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Jan 15
Creatine Molecule

Creatine, Isn’t That Like Steroids?

Ok, so I’m playing on a pretty worn cliche here. I think it’s fair to say that by now people don’t immediately assume creatine is a steroid. But how many people honestly know what this popular supplement is? How many know how it works? Most importantly, what should you consider when looking to supplement with and purchase creatine?

Is it going to get you crazy jacked in 4 weeks? No. Is it going to add 50kg to your lifts? Not exactly. What about all the side effects? Eh?!

Read on my friend, as we go on a journey through biology, chemistry, and gains.

What actually is creatine?

According to everybody’s favourite reference source (Wikipedia);

Creatine is a nitrogenous organic acid that occurs naturally in vertebrates and helps to supply energy to all cells in the body, primarily muscle…

In plain English? It’s essentially an amino acid-type-molecule that is found in organs and cells which require rapid bursts of energy to function, such as the brain, and more importantly for us, in skeletal muscle. It helps cells rapidly recycle their energy source (ATP) at an increased rate through various reactions with enzymes in the short-acting phosphagen system (ATP/PCr… the PCr stands for phosphocreatine).

The Phosphagen System?

A quick note on this. The phosphagen system is your rapid release energy system, any physical exertion up to about 10 seconds in duration will use energy generated from the phosphagen system. It gives you a large amount of energy, in short burst, but not much more after that… woof.

A little overview of the various energy systems. Right now we’re concerned with the ATP-PC system.

It’s because of creatine’s role in this short acting system that there was such an interest in it’s potential as a supplement, and why it has proven so popular with strength athletes. The extra creatine available through supplementation leads to an increased amount of ATP generation, allowing you to work marginally harder for marginally longer. Whilst the effects may not be too dramatic, an extra 2.5kg on a lift can be the difference between making your PB or missing it. On a grander scale, an extra 1kg on a lift can be the difference between gold and silver medals.

Enough of This Biochemistry Rubbish, What Will It Really Do For Me?

Creatine has been heavily researched, and websites such as Examine.com have compiled an extensive review of the literature on creatine. If ever I’m considering purchasing something new, or someone has recommended something, I’ll always check it out on here first. In the case of their review on creatine, their evidence matrix shows what creatine is most likely to do

The biggest three effects that creatine has on the body.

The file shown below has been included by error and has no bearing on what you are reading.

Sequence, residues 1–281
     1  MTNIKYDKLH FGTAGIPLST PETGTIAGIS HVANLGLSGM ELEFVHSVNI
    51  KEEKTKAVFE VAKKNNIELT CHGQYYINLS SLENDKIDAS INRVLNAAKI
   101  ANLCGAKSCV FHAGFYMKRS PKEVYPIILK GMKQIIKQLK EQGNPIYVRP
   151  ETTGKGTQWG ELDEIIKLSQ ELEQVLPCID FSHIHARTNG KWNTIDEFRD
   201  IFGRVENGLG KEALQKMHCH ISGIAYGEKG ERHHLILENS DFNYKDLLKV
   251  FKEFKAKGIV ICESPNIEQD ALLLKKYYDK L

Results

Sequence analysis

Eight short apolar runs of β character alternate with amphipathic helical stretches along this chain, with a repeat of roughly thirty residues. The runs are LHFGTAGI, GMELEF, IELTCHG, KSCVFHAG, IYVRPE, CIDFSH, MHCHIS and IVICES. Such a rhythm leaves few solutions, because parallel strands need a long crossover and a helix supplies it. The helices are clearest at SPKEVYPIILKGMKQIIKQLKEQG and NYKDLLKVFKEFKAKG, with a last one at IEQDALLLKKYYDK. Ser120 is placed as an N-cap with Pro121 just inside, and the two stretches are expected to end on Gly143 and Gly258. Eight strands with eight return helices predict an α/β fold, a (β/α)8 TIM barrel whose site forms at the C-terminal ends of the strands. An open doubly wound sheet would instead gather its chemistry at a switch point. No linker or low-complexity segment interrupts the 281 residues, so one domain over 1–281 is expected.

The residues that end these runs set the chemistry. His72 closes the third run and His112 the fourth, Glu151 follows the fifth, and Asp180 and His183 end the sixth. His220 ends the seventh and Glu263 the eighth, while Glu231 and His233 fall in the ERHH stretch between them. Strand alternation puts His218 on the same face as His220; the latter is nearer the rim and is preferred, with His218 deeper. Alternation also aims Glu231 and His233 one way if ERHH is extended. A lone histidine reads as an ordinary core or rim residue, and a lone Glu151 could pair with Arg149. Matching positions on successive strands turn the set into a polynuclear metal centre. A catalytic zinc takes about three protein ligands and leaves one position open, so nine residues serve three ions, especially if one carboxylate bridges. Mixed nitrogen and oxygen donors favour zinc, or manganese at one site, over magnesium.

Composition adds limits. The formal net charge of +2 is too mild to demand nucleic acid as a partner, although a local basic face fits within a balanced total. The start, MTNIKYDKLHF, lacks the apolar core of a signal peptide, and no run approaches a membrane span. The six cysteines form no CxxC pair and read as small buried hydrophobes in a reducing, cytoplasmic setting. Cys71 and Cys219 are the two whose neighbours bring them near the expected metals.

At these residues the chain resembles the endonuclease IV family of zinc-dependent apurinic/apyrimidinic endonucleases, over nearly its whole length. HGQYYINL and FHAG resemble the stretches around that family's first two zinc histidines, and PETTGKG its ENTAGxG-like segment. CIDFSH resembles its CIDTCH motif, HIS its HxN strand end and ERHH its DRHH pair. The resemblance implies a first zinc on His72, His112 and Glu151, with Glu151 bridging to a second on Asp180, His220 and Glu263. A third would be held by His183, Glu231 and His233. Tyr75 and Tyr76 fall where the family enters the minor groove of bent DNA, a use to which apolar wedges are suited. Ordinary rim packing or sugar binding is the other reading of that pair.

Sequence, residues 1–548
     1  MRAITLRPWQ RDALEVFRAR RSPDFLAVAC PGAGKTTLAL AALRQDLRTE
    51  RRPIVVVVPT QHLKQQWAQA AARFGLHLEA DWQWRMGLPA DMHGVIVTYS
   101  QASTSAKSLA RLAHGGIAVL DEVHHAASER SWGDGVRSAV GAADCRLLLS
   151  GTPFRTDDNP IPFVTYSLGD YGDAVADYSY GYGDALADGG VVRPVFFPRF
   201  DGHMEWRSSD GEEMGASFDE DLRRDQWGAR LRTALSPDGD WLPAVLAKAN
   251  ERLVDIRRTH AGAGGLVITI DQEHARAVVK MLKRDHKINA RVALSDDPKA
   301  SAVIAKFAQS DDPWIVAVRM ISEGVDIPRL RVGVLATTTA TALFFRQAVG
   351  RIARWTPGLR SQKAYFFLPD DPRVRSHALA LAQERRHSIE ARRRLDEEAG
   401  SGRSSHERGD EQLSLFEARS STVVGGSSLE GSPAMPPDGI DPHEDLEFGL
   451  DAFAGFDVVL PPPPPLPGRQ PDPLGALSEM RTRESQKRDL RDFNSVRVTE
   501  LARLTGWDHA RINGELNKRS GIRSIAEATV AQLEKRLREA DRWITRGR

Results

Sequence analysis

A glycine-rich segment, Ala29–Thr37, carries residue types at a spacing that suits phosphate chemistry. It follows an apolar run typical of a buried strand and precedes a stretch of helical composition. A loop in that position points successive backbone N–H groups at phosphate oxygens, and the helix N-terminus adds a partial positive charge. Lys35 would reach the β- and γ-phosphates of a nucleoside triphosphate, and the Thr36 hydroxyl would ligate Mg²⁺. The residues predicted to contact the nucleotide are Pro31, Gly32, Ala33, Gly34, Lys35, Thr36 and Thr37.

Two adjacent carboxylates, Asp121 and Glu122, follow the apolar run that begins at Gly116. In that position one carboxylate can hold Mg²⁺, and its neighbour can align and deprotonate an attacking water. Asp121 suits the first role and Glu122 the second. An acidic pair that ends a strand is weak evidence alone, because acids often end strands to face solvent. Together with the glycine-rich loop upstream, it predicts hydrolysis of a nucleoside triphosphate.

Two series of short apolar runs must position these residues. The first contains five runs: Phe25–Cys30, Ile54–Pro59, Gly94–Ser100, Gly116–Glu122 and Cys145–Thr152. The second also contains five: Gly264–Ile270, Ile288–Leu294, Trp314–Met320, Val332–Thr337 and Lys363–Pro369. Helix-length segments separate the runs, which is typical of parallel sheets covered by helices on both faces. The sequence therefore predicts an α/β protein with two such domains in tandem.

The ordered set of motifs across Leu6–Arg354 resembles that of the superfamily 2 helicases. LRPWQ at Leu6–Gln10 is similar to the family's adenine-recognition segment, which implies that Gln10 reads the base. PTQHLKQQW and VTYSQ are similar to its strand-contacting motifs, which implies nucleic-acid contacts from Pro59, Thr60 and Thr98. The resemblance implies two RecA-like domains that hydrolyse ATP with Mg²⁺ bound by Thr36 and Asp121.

Lots of studies in these areas with large effects means that creatine is a pretty well-researched bet for increasing strength and size. An increase in creatine content can help with increasing power output. An increased power output means more weight lifted for more reps.

What Are The Side Effects?

Will I get spots? Will I get mood swings? Will my balls shrivel up?! No, no and err, definitely no.

Creatine’s accepted side effects tend to affect those with a sensitive stomach. Some cramping and diarrhoea are more common, but these tend to be dose related. Most of the studies have shown that creatine is safe to consume, although there are disclaimers that people with pre-existing kidney disease, high blood pressure or liver disease should avoid using it.

Ok, I’m Ready To Buy, What Next?

Don’t overcomplicate it. Examine.com have come up trumps here again and recommend basic creatine monohydrate (the cheapest), or at a push micronized creatine. There’s no real difference between the cheaper creatine and the extortionately expensive creatine ethyl-ester & Kre-Alkalyn, despite what the supplement companies tell you. In this case, cost does not indicate how effective the product is.

Once you’ve got your hands on your new supplement, dosing is pretty straightforward. You can go for the loading protocols that come with the product, but 5g a day will usually suffice. It will just take a little bit longer to start seeing the effects of supplementation.

I wouldn’t class creatine as an essential supplement, you will progress and make gains without it. But it is definitely one of the most researched and thoroughly tested supplements you can spend your money. It works, and we can prove it works. Hopefully, this has given you some background understanding as to what creatine is, so that you can make a more informed choice in the future. If you want more supplement based articles then check out this one from a few weeks back, Never Mind The BCAAs.

About The Author

Hi, I'm Jordan, a 22 year old pharmacy student/CrossFit L1 trainer working at CrossFit Norwich in the UK. I've been coaching for over a year now, I'm always striving to learn more and applying it in the gym, I hope you enjoy reading my musings and thoughts.

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